Tonight I stood in that hall empowered to make that cry of foul play with three impeccably polite members of the constabulary at my disposal should it become necessary to impose such a sanction.

Tonight it was my turn to have my finger on the nuclear trigger. And the burden is awesome.

Oh yes. Postal voting. I watched as postal voting documents were disgorged onto a table. I watched as multi-part envelopes assembled with the fiendish ingenuity of satan himself were intricately sliced open to disgorce the 'authtication form' bearing the voter's signature. I watched as sheaves of 25 of these were loaded into a document scanner. I watched as individual signatures and dates of birth were OCR'd and matched against stored records. I watched as over half failed validation, largely because the machines could not resolve the numerals in the dates of birth. I watched as heroic scanner operators brought up the scanned image squinted at the scereen and took their best guess at a manual keyboard inout. And I watched all this on 21 inch LCD screens pointed at MY side of their desk, slaved off each of the scanning computers, deliberately placed for me and my fellow scrutineers to take every opportunity to scrutinise, and question. I watched as french 7's and zeroes with a stroke throught them were manually resolved. And I watched as the operator fought to manually unravel the spidery writing of a voter whose mother brought them into the world before Hitler send his Stuka's to trouble Poland. I dare not say much more for fear of violating my obligation to secrecy, and their individual privacy but this person's voice has been heard and that it has is owed in no small measure to the determination of those human adjudicators.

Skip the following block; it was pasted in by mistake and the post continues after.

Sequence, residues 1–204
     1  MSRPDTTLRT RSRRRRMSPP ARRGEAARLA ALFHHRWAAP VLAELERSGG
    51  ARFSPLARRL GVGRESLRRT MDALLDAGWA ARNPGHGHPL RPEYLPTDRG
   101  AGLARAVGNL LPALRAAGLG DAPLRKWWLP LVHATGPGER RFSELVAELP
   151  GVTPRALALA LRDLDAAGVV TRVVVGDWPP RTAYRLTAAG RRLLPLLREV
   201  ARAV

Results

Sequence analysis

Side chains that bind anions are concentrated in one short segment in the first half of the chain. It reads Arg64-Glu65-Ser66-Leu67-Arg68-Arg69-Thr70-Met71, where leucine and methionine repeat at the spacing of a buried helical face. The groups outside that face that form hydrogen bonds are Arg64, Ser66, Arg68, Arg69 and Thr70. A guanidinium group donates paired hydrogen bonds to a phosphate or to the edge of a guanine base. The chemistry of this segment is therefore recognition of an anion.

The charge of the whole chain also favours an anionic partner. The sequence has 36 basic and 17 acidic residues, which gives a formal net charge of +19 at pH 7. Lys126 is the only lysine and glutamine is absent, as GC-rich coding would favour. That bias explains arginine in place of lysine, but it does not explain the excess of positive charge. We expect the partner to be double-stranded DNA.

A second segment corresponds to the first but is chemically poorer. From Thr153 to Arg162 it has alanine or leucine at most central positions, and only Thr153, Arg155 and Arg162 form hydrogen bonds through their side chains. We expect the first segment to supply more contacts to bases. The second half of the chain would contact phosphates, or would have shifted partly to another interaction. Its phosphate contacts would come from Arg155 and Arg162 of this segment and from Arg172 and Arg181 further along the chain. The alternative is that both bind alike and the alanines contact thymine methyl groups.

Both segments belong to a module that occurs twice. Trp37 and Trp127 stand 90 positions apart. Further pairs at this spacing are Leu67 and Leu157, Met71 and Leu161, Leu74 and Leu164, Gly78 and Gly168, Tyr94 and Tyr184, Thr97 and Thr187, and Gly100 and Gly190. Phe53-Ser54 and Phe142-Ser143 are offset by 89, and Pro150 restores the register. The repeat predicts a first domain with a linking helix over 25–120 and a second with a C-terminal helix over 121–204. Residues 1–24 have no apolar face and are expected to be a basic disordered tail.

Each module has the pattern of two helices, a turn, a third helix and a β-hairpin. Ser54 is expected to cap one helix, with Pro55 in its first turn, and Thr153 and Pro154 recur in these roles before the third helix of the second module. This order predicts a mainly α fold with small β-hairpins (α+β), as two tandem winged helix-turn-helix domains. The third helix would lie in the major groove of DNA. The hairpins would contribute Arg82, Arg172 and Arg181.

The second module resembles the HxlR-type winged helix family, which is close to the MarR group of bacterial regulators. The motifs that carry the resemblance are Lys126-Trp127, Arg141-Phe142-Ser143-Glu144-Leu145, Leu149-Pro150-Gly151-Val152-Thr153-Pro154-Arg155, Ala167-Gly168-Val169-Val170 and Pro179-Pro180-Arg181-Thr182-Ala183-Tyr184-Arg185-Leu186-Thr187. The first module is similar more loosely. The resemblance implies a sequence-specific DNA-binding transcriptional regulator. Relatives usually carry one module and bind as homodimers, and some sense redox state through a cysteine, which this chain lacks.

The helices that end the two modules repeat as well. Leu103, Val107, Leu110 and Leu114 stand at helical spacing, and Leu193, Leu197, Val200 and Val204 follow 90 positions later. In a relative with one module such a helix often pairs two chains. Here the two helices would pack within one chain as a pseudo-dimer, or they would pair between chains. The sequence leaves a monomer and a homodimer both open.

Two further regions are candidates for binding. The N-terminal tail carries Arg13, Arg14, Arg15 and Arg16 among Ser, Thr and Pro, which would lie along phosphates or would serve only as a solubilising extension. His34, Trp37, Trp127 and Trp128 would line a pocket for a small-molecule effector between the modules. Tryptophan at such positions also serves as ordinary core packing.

It was about an hour into the process that it struck me that rather a lot of people have met a gruesome end in order to let me stand in that room and watch this process without having to hold a conversation in French or German.

I fail to understand how Rhodri Morgan, a man who benefitted by the process to the tune of several hundreds of thousands of pounds - a man who must have stood as I did in rooms like that on many an occasion - I fail to understand how he can possibly have thought it right and proper to bugger of to talk about the Ryder Cup when he should have been standing on a Normandy beach with head hung low in respect for those who could not vote - whether for him or for anyone else, and who would have no sons or daughers to vote for him or anyone else, for their bones now turn slowly to dust beneath foreign soil.

I left that room with the hopes for the future sealed in a small stack of clear plastic boxes with well sealed lids and a police constable's size 23 boot right next to them.

It was a privilige to have stood there and watched. There was an atmosphere, a feeling that what those people were doing mattered

Yet as the Returning Officer announced, much earlier than anyone expected, that the process was done, and that a mere twenty seven point six per cent of the people who could have voted bothered to do so, something shattered in that room. It was as if a crystal chandelier had lit up the place, a beacon of hope in political hell., and the hellspawn had snuffed it out, sending it crashing down in shards of glass.

As it fell, a small piece of my soul splintered in sympathy with it.